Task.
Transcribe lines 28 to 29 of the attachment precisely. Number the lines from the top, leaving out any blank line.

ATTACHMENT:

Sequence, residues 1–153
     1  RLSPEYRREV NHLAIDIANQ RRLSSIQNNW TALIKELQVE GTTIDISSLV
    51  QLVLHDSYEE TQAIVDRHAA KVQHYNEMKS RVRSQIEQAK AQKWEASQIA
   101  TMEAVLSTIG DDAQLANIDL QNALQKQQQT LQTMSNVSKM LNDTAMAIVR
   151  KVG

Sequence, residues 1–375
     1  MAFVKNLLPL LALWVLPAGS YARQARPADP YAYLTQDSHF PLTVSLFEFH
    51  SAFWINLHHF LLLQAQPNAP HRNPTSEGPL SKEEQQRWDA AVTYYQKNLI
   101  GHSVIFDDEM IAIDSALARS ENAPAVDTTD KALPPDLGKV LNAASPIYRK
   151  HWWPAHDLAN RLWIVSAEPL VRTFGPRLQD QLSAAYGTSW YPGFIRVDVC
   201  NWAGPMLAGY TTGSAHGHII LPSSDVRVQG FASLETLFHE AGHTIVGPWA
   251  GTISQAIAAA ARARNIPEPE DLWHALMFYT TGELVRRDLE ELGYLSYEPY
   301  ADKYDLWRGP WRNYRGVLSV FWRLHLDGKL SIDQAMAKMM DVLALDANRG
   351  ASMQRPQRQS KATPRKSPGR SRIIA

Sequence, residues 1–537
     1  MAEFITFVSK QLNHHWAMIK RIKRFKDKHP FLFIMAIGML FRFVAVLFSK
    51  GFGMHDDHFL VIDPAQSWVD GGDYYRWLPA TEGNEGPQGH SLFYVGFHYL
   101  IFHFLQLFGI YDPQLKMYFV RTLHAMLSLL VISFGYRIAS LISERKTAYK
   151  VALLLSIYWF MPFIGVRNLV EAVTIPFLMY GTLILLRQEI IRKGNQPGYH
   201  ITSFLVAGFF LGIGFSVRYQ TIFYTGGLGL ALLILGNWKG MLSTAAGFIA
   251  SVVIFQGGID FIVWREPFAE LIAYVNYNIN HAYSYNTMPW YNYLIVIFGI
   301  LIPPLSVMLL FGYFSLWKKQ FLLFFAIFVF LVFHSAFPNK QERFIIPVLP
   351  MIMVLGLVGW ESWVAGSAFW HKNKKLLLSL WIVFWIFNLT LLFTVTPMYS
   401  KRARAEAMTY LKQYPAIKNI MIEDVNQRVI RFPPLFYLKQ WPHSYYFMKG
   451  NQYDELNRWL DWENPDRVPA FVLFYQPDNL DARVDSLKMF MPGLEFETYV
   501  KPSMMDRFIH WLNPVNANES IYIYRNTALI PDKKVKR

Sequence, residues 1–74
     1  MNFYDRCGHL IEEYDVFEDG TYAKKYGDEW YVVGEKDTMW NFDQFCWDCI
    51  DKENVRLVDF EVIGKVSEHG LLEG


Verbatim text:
     1  MNFYDRCGHL IEEYDVFEDG TYAKKYGDEW YVVGEKDTMW NFDQFCWDCI
    51  DKENVRLVDF EVIGKVSEHG LLEG